Upland estates and landowners have joined forces to help some of Scotland’s rarest birds to nest and breed. There are now 22 land managers in the Loch Ness area working together to create habitats for rare species such as Curlew, Oystercatcher, Redshank and Lapwing.
The results have been outstanding, with more birds returning to the region each year and a significant rise in the number of nests which produce chicks successfully. In some areas there has been a 50% increase in moorland and wading birds over the past ten years, with Curlew and Lapwing the main beneficiary.
The Loch Ness Rural Communities Moorland Group covers 33,000 hectares of moorland spanning 32 miles from Fort Augustus to Farr and includes estates such as Garrogie, Aberarder, Dunmaglass, Glendoe and Corriegarth. Their collaborative approach to conservation is supported by the GWCT (Game & Wildlife Conservation Trust) and RSPB (Royal Society for the Protection of Birds).
Jenny McCallum, coordinator of the Loch Ness Rural Communities Moorland Group said:
“Many of the farms and estates in the Loch Ness region are managing habitat specifically for waders. This means excluding livestock or keeping the stocking density low in areas where nesting is preferred and creating wader scrapes to allow chicks access to shallow, wet areas to feed on insects. Land managers are trained to carry out wader surveys in the spring to assess the breeding success.
“We also control predators such as carrion crows and foxes, which is an activity registered with Police Scotland and Scottish Natural Heritage and subject to stringent conditions. This combination of methods helps the waders to nest successfully and we are delighted with the results.”
In addition to Curlew, Oystercatcher, Lapwing, Redshank and Black Grouse, other birds which benefit from the moorland management practices in the region include Golden Plover, Snipe, Greenshank, Twite, Hen Harrier and Dotterel. There are 15 known black grouse leks  in the area.
All of these birds – apart from the Golden Plover – are on the red list or the amber list for birds considered to be of conservation concern because of their low numbers.
Ken Fraser, who farms land at Gorthleck Mains and Migovie said:
“It’s noticeable that the number of wading birds has really increased in recent years, particularly the Curlew and Lapwing, because of the way the land is managed. Over the past ten years their populations have certainly increased by 50 per cent in my area.
“At this time of year the birds are courting and pairing up, which is an absolute joy to see and hear in the skies around you. I hear the calls of the curlews on a daily basis. We also see lots of black grouse leks every spring, an unforgettable spectacle. The past 10 years have shown that if we didn’t manage the land year-round, these fragile populations would be lost and may never recover.”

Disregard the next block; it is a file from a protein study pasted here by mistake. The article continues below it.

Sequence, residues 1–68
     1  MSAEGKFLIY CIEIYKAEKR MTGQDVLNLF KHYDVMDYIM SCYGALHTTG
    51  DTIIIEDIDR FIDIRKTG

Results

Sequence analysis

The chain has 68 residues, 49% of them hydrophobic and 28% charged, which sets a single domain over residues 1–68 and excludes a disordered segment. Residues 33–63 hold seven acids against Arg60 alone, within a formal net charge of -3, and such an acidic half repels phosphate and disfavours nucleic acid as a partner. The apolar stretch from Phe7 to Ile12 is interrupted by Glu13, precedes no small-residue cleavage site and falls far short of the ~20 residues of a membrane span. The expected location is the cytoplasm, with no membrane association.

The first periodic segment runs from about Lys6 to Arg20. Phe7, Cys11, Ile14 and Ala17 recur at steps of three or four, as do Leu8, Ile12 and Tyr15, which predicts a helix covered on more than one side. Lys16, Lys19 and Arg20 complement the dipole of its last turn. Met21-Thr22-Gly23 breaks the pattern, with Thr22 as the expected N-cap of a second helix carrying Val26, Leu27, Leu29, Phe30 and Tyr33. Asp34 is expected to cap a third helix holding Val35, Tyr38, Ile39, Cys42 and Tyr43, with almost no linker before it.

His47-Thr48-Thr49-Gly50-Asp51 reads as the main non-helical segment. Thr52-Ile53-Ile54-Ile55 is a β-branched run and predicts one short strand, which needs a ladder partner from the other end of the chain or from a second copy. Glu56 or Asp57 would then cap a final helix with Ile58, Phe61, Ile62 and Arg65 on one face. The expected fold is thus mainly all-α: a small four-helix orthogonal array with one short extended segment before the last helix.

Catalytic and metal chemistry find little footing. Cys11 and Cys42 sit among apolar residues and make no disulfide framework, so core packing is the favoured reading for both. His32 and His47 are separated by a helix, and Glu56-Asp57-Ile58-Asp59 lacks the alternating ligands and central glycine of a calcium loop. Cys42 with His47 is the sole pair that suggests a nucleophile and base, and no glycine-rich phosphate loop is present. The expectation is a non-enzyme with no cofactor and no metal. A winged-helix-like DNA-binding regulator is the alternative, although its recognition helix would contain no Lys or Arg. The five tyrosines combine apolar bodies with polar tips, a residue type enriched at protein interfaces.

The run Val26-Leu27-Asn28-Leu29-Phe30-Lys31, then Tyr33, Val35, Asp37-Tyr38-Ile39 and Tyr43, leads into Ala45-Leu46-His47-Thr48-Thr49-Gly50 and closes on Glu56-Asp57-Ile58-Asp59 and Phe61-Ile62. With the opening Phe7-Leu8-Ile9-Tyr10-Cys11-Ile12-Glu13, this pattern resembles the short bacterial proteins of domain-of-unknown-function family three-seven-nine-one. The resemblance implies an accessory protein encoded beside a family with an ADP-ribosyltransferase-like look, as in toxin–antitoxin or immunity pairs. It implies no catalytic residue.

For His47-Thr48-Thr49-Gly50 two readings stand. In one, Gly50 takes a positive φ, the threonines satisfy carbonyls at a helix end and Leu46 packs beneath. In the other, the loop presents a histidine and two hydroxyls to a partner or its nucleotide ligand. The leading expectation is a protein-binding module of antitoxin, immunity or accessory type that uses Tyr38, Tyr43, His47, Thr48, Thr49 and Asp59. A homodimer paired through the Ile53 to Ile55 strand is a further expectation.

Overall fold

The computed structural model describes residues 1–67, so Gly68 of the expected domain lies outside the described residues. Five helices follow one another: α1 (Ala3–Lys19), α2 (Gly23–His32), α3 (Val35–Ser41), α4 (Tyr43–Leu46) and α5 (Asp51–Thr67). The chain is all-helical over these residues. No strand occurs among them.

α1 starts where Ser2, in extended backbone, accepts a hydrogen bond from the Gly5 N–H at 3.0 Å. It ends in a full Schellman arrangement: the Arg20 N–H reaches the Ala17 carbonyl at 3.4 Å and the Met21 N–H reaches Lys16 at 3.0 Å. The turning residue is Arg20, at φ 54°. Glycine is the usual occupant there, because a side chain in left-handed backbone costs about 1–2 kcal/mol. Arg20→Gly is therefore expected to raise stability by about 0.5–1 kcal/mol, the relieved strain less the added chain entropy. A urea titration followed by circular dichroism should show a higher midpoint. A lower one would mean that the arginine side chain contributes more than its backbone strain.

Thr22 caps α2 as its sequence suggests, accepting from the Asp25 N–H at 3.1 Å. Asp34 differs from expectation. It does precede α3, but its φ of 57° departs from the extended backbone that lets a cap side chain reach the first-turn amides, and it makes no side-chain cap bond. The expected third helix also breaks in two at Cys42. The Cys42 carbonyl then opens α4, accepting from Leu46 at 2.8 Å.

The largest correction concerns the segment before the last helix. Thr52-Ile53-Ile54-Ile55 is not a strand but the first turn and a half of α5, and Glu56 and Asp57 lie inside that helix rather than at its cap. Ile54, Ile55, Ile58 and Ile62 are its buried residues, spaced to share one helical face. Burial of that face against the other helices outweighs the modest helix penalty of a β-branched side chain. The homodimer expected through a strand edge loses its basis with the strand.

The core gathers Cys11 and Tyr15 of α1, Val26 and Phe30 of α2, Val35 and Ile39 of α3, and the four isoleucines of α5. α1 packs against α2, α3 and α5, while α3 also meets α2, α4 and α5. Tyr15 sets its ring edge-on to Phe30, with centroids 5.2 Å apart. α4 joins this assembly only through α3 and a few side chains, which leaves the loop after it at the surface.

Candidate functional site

Moorland managers also help insect populations – which are an important source of food for birds in May and June. Craneflies are so important to moorland birds that it has been noted that golden plover chicks survive best in years when there are good populations of craneflies.
The peatland restoration work undertaken by estates in the Monadhliaths and many other parts of Scotland involves blocking the drains which were constructed in the past to reduce water levels and enable increased grazing density. By allowing the water levels to rise, insect populations are boosted and this also helps many moorland birds to thrive.
Loch Mhor is an ideal habitat for many waders – there is a substantial area of mud flat, which is exposed depending on the level of water in the loch and subject to its use as a reserve for the hydro scheme. The mud flats are a precious resource for wading birds.
Jenny McCallum continued:
“Our understanding of how to protect the environment has really improved over the past 20 years. We have a much more scientific and coordinated approach to land management practices and this has produced excellent results. Every spring we see a good number of red listed and amber listed birds returning and nesting.
“It’s not only the estates that work together across the region, we have also had training from the RSPB and the GWCT on how to count waders using their recognised ‘transects’ approach. The Scottish Government Agri Environment Climate Scheme has also helped us think strategically about the different types of habitat, from grassland to semi-moorland, mud flats and in-bye areas and how they can be best maintained for birdlife.”
 A lek is an area where male black grouse gather to display and fight to attract the attention of the females.